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The Independent Critic

Kim B, Dan Savage, Carmen Carrera, Buck Angel and Jamison Green
Aaron Bear
83 Mins.
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 "Finding Kim" Set for Theatrical Release on 5/31; Digital on 6/6  
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Experts estimate that 1 out of 30,000 men and 1 out of 100,000 women have Gender Identity Disorder. 

Now, here's the thing...beyond the power of that statistic, I must confess that I find myself troubled by the idea of claiming that someone like Kim B., the central subject in Aaron Bear's intelligent and emotionally honest documentary, should be considered as having a "disorder." 

It bothers me. Tremendously. 

Finding Kim, a nominee for the Grand Jury Prize at the Nashville Film Festival, is a remarkable documentary precisely because it takes a subject few people really know much about and manages to make it feel, well, not so remarkable. 

In case you're wondering, that's a compliment. 

The film follows Kim as he begins the transition journey from the woman that he never really was to the man that he's always really been. Kim is a compelling subject, less activist bravado than we're used to in this type of film and wonderfully filled with honesty and humanity and insecurity and humor and heart and so much gosh darn likability that I found myself in tears at several times throughout the film as every little step forward feels like someone taking baby steps toward discovering the person they were always meant to be.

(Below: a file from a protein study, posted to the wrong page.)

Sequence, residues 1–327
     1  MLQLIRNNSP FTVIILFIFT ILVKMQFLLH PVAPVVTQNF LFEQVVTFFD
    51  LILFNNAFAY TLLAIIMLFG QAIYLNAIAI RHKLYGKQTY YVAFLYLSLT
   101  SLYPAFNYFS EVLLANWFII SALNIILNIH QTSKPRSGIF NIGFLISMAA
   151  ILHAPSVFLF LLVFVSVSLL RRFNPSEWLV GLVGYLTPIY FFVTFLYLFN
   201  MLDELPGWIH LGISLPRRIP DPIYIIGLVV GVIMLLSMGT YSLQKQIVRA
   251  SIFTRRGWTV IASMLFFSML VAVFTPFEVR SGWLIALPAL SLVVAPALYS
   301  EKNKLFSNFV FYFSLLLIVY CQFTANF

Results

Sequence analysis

Directed by Aaron Bear and featuring lensing by Gabriel Bienczycki, Finding Kim is the kind of film that will resonate deeply with not just those who are transgender but anyone who's lived a life feeling like they were living a lie only to get the chance to live into their truth. In this case, Kim B. is 50-years-old when the possibility of gender reassignment finally becomes a reality and allows Kim to discover a life he never quite expected and obviously feels so incredibly grateful to receive. 

While I'm not always a fan of incorporating outside interviews into such a deeply personal journey, Bear does so wisely and utilizes tremendously well spoken and equally personable individuals such as Jamison Green and the always wonderful Buck Angel. 

Finding Kim, while a more personal than political film, reminds us that while LGB rights have grown dramatically in recent years, the "T" still seems to intimidate the public and cause more than a little public furor. 

B.S. North Carolina laws anyone? 

Heck, even my own home state of Indiana. Sigh. 

While Finding Kim doesn't avoid the necessary political observations, it ultimately soars when the camera is focused on Kim, whose transparency along the journey feels natural and true and whose complete and utter joy as we move toward the film's end practically feels like a rebirthing process. 

Through a special theatrical arrangement with Tugg, Finding Kim arrives in theaters on May 31st before a digital release on June 6th. It's a special film, a film that will make you laugh and cry and maybe, just maybe, understand a little bit more about the transgender journey than you did before. For more information on Finding Kim, visit the film's website linked to in the credits.

© Written by Richard Propes
The Independent Critic